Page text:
Horsefeathers wrote articulately*, but his essay was a typical example of conservative thinking - thinking which, as I have argued before, is ultimately rooted in fear. Not physical fear, but fear of change, of flexibility, of the unknown. His - I'm assuming HF is a he - whole outlook on life is based on a series of premises that create a social structure that provides him with security - men are men and dress as men, women are women etc. When changes are proposed that are incompatible with that social structure - eg sexual identity might not be that important - his worldview is threatened. Rather than accept the possibility that such changes may be innocuous or desirable he has to condemn them.


At least HF recognised that some change is inevitable and even uses that word that scares so many US conservatives almost as much as liberalism - evolution. But he does so in a way that suggests that for him change is only acceptable when it is very clear movement in one direction in very narrow parameters. Of course he justifies his argument by claiming that society as a whole is threatened, but assuming one's own beliefs are valid for society as a whole is a common failure in many commentators.


All I would have said to Horsefeathers is, lighten up; society is not going to fall apart because some or many men decide that skirts are more comfortable and / or erotic than trousers. if you really want to talk about how society is threatened, let's look at George W Bush's critical failure to offer an effective response to terrorism. That's a really scary topic.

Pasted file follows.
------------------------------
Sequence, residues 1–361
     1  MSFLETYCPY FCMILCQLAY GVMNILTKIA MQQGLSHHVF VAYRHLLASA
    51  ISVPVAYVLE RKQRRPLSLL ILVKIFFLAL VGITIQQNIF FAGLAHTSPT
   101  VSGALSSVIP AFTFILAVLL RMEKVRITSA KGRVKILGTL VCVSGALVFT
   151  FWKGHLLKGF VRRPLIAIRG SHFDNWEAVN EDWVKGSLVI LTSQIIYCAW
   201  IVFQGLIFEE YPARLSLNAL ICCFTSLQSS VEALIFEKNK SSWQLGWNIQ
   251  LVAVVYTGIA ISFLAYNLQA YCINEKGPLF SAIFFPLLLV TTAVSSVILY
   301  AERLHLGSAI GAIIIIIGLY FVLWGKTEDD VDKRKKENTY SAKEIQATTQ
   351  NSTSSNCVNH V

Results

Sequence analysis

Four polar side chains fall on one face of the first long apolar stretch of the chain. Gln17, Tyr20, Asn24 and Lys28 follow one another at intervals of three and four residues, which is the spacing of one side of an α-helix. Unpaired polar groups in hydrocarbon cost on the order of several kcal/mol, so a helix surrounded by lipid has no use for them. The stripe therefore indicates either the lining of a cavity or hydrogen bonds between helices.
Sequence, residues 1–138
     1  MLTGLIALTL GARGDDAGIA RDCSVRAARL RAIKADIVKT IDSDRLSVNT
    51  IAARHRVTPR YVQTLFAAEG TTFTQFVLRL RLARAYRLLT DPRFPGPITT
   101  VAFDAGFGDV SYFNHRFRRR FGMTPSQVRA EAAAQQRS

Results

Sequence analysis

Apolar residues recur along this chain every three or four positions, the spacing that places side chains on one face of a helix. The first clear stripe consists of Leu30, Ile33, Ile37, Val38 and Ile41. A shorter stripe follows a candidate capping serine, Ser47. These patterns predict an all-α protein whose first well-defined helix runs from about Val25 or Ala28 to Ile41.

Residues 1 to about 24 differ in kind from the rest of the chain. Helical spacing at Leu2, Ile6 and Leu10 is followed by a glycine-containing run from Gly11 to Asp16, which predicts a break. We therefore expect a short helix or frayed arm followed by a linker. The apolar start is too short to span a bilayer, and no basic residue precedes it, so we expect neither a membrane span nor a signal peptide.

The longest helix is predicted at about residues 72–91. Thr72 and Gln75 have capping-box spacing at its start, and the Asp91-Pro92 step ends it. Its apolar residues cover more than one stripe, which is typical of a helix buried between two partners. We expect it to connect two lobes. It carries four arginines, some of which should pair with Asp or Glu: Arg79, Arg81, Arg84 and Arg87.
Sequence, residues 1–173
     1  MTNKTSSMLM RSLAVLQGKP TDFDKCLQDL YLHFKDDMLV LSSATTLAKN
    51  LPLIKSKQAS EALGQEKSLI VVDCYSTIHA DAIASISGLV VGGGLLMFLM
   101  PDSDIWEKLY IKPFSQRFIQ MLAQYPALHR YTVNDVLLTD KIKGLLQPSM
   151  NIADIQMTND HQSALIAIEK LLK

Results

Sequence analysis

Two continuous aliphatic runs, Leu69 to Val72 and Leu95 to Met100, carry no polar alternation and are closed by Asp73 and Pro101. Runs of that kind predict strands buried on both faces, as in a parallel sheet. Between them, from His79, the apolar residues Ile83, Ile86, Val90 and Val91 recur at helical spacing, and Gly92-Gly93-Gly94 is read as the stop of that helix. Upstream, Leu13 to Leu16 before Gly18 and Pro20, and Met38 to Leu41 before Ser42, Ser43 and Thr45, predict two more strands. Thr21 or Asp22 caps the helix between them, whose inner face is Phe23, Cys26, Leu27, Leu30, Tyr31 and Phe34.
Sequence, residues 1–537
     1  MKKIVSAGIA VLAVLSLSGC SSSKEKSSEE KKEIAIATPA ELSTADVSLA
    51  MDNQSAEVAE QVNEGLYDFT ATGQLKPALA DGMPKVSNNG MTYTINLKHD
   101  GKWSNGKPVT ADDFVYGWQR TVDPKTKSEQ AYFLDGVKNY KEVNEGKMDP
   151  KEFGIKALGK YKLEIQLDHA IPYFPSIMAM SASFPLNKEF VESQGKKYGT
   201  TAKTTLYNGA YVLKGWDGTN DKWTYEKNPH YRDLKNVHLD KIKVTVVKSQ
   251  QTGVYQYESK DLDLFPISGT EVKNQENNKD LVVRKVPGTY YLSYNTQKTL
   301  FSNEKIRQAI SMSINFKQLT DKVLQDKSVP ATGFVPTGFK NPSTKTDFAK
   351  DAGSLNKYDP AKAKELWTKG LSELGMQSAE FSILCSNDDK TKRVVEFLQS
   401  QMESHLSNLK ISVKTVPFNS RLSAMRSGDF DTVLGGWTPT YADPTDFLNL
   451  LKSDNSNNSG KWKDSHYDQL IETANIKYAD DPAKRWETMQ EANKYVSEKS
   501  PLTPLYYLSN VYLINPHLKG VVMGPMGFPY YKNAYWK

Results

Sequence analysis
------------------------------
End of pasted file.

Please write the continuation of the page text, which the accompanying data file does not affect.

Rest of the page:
* But without understanding the difference between "its" and "it's".
Many Men in Skirts
posted 8 April 2008 when I was living in London




So there I was at home at the tail end of a Saturday afternoon, the quiet hour between shopping and nightclubbing. I turn on the television and get the last twenty minutes of Alexander Korda's 1938 film The Drum. (Korda was a well-known Hungarian-British director in the mid 20th-century.) Set in North-West Frontier, it pits the brave Brits and their good Indian subjects, led by the young prince,


This was the only picture I could find.
The film is in early Technicolor.
played by pretty but hopelessly untalented Sabu, against his evil uncle, played in full melodramatic mode, eyes glaring under his thick brown make-up, by Raymond Massey. Treachery and death abound.


And so, to my surprise, do men in kilts. While the occasional officer was betrousered, the battalions under their commando all wore kilts - some tartan (that's plaid to the North Americans among you), some khaki and some green. The latter two colours surprised me and a quick Google couldn't find an example of Scottish soldiers wearing anything but their regimental tartan. Can anyone enlighten me?


On the other hand, I did come up with the interesting fact that army kilts are made of a heavier material than those worn by civilians. Obviously, if worn daily, they come in for harder use; it also means that they are less likely to flap embarrassingly upwards...